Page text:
NFBC ADP vs Steamer Projections – Middle Infielders
We’re rounding up our NFBC ADP vs Steamer projections analysis with middle infielders. Those of you who haven’t read the previous articles, the premise is that we’re looking at players who have very differing ADPs in live NFBC drafts but not significant differences in their Steamer projections, therefore finding potential value in your drafts.
Starting off at the second base position and a reminder, the above are their Steamer projections heading into Spring. Comparing a guy who was second in the NL MVP voting last year to someone who was considered a bust from drafts last year may seem crazy. But just a glance at the Steamer projections tells a tale of two players with very similar expectations and very little difference in their potential outcomes, yet a wide disparity on their draft prices.
The extra 12 RBIs to Baez and a better batting average of .020 are the only standout differences. One home run, one stolen base and three runs are all negligible. For those in OBP leagues, the difference there is negligible. What isn’t negligible is the 116-position difference they are seeing in drafts. Baez has even been drafted as early as fifth and has the earliest ADP of all second base eligible players. Odor hasn’t been drafted earlier than 82nd overall and is 12th among his peers. But is there a valid reason for this?
Baez had his long-awaited breakout in 2018, almost doubling his previous two years’ homers and steals combined. Regarded as a free-swinger at the plate, rather than changing his approach to take more walks and show more patience, Baez went the other way and started swinging more. His BB% went down on 2017 but you can’t say it didn’t work. Is it sustainable? Probably not. The projected comeback seems fair.
Odor’s breakout came in 2016 with the subsequent years being a disappointment. 2017 saw the power remain to the tune of a .067 drop on his batting average. Last year saw the batting average climb back up but the power disappeared. A hamstring injury saw Odor miss a month, but his second half was excellent, almost to the point it may have cost those who dumped him off their teams earlier in the season a chance at winning their championship. That second half still sits in the mind and will get people back interested in him again. The one issue which I’d be most concerned about is his lowly 50% success rate in steals last year. That needs to improve to ensure he’s still given enough of a green light.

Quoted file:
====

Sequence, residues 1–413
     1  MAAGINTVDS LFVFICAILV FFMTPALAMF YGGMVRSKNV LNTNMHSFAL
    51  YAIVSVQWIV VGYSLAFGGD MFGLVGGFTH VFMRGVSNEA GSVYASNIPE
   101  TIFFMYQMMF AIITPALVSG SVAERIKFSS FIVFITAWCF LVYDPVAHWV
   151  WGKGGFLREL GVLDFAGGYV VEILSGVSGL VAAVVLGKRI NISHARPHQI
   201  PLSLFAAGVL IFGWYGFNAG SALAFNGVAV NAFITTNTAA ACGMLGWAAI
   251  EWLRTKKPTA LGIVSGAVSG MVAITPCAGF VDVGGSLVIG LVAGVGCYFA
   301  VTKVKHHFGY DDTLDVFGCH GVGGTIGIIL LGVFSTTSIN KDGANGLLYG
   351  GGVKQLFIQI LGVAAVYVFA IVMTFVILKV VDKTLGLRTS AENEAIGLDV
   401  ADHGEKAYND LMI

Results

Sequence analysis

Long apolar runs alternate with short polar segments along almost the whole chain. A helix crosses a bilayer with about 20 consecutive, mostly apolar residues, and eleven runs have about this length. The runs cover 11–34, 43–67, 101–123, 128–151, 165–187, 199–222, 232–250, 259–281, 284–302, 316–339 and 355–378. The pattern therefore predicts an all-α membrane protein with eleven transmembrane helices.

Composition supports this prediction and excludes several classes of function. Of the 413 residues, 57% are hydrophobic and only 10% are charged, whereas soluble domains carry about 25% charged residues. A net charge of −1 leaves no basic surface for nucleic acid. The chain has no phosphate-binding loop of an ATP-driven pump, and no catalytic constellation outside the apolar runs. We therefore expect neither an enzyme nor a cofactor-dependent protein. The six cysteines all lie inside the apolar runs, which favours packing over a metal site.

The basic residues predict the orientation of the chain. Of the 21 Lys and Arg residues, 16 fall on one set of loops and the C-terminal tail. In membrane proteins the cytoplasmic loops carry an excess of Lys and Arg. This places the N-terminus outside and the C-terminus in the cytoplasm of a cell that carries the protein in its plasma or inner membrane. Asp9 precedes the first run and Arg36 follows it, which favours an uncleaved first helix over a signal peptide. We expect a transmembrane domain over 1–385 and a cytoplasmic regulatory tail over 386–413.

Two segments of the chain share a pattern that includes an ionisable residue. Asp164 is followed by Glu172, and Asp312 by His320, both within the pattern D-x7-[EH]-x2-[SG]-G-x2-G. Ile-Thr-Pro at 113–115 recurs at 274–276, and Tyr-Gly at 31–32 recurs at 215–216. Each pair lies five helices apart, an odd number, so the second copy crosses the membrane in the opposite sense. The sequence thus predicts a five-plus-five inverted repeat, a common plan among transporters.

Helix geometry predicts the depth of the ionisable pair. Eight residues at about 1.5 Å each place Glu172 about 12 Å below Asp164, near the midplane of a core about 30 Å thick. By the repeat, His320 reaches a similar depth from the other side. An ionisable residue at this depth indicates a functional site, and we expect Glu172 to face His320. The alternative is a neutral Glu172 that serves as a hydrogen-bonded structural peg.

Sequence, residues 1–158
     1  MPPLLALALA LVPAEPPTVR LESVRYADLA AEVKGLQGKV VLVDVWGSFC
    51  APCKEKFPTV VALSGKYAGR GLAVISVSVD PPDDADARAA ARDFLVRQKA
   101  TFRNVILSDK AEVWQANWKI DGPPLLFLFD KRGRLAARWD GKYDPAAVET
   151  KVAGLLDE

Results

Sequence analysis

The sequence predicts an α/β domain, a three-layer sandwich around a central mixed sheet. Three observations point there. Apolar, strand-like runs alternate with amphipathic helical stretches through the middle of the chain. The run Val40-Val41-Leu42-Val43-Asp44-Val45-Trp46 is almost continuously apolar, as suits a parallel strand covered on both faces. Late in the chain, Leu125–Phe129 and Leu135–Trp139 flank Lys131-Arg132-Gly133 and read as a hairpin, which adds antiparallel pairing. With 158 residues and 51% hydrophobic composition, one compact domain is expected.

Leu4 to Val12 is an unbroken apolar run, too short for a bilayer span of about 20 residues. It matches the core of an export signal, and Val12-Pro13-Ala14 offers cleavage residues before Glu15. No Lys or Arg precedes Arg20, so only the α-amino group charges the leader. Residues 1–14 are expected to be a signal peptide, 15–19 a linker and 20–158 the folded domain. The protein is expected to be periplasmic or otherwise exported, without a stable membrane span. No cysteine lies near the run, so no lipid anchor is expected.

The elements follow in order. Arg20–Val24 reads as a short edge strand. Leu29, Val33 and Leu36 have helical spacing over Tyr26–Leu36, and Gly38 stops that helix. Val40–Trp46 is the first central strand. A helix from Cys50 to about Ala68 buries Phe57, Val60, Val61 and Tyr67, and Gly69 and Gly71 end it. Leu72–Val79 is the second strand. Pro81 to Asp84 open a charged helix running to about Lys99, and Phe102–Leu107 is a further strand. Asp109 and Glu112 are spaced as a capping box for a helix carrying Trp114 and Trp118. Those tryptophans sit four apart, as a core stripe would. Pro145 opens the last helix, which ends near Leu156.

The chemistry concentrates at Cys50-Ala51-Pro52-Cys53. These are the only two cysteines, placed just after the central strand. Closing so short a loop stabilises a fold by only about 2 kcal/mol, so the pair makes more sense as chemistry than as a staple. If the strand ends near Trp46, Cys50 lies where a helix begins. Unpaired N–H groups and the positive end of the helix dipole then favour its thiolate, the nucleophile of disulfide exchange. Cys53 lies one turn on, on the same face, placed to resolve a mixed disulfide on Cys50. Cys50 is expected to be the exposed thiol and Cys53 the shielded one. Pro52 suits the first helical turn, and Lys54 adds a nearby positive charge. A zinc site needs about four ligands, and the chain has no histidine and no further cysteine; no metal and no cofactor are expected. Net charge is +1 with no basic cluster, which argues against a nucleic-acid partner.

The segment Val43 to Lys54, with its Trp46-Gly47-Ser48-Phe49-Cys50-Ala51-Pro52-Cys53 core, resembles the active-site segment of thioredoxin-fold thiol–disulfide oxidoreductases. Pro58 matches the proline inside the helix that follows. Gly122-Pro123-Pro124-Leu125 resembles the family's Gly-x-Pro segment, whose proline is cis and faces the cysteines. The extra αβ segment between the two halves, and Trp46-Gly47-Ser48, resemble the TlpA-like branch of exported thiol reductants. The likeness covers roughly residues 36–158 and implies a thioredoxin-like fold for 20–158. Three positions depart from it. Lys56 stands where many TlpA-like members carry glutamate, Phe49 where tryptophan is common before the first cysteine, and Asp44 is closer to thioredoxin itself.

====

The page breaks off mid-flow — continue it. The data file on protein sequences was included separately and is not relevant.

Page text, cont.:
Baez’s ADP is mainly being driven by hopes of a repeat to his 2018. The projections suggest there won’t be, and he won’t be coming at a discount in your draft. So, going a different direction then nabbing Odor 9-10 rounds later seems like a solid plan to me.
Next up are two shortstops who have had surprisingly similar seasons in 2017 and 2018. My intention was looking at similar speedsters at the position, but Carlos Correa and Paul DeJong’s numbers are so near identical, it was somewhat startling.
Their combined 2017-18 numbers are as follows;
The extra runs and RBIs plus better batting average gives Correa the edge. The Cardinals addition of Paul Goldschmidt does even things a little more, especially if DeJong can secure a spot in the top half of the lineup. It’s hard to call into question the Steamer projections when looking at the last two years. Correa could always get more active on the bases having topped double digits in steals in 2015 and 2016. That’s more of a hope than expectation at this point though with only five stolen bases in the last two years, so any noticeable edge Correa will have over DeJong is likely to come in the runs and RBI department.
Correa has a slightly stronger track record but has seen himself falling down the draft rankings each of the last two years. He was considered a strong second rounder last year. But to that point, shortstop is possibly the strongest position in terms of depth this year. On NFBC, the 12th ranked shortstop in ADP is being drafted inside the top 90 overall and a total of 20 shortstops have an ADP of 200 or earlier. That means waiting on shortstop for a few rounds isn’t going to do as much damage as waiting on first basemen for example. It’s also the position which offers the most variety in stats with speed and power mixed in throughout the top 20.
If you didn’t already know there were 133 places between their ADPs, would you have said there would be such a big difference between these two when looking at their projections or their last two years? I’d argue only a couple of rounds difference would be expected, meaning DeJong should offer much more value for money than Correa.